At the ceremony on November 30 inaugurating the constitutional change, Prince Charles acknowledged "the dark and tragic past from which the nation of Barbados was born.  But this marks the rebirth of a new nation."  The change was made without a nationwide election of referendum.  The date was deliberately chosen because it marked the 55th anniversary of Barbados's independence from Britain in 1966.  There is to be no change in name of the country, and the nation will remain part of the Commonwealth of Nations, which evolved in 1949, after the independence of India, as a voluntary free association of nations.  The states have no legal obligations to one another but are connected using English and by historical ties, and without compulsion.

The British Empire is no longer the empire on which the sun never sets.  There remain 54 Commonwealth states, most former colonies or dependencies, from Australia and Canada to tiny Tuvalu.  The basic problem was that for many, the crown is associated with colonialism.  Barbados is the most recent nation to give up the queen as head of state, following Malta in 1974, Guyana, Trinidad and Tobago, Dominica, and Mauritius, which abolished the monarch in 1992.  Others have decided to maintain the link with the Crown: Australia, Tuvalu, St. Vincent, and the Grenadines.

So far, Barbados has retained the flag, coat of arms, and national anthem, though the terms "royal" and "crown" will not be used.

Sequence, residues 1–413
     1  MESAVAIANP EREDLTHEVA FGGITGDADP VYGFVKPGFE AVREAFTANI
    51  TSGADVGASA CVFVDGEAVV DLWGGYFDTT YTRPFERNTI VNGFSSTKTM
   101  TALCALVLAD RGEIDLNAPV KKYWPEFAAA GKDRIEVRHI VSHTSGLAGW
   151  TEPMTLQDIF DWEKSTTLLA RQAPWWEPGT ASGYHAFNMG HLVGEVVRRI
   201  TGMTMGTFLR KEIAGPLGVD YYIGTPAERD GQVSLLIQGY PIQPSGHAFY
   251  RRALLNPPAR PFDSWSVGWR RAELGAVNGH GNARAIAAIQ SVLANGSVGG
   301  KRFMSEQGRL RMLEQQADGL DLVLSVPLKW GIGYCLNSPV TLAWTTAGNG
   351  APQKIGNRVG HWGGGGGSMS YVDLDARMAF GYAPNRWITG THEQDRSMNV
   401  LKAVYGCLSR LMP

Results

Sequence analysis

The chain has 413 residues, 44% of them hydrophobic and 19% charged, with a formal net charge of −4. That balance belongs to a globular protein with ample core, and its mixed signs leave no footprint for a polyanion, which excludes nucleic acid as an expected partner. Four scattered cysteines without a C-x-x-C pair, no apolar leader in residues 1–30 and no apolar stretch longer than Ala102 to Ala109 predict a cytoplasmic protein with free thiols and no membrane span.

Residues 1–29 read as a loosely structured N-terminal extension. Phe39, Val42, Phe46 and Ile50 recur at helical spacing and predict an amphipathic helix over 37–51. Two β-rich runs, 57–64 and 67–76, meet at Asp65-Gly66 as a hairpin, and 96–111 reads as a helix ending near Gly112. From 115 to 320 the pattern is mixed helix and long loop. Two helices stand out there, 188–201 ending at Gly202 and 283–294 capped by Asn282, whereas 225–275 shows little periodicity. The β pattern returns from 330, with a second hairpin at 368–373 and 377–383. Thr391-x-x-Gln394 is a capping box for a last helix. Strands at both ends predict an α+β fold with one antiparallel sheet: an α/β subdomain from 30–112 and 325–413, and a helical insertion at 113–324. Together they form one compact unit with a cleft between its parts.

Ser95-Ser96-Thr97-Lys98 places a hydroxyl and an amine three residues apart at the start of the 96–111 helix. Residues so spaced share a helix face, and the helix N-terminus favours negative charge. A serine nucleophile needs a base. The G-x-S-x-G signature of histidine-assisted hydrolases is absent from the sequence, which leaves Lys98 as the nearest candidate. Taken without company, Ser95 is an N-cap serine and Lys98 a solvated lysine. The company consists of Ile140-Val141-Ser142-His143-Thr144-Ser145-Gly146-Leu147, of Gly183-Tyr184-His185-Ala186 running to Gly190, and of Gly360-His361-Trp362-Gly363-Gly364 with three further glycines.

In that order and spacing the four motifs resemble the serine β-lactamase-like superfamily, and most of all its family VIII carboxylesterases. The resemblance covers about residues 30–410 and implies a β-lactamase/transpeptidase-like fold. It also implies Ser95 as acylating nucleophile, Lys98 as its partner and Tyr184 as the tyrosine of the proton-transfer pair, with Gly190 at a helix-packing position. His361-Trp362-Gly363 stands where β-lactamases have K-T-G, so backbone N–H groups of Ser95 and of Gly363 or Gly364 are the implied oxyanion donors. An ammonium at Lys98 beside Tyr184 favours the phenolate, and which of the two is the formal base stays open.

Barbados may be free of the British Crown, but it may be becoming the subject of a new Emperor Xi.  The problem is that the country has been influenced by Chinese pressure in economic, educational, and cultural affairs.  China has invested at least $7 billion, and probably more, in the Caribbean, including a cricket stadium in Grenada; a casino in the Bahamas; and the port in Kingston, Jamaica.

Barbados has lost a monarch and become a republic, but China is the new colonial power.  Barbados has joined the Belt and Road initiative of China and was the first Caribbean county to sign the treaty of extraction and mutual legal assistance with China, which has funded projects and provided loans in Africa, Asia, and central Europe.  Barbados is the latest example of China's expending imperialism, and its influence in obtaining information on citizens, and helping build a much-needed infrastructure.

The Caribbean was the playground for James Bond and his pal Felix Liter.  Now, ironically, it is becoming Chinese home turf.

Image via Max Pixel.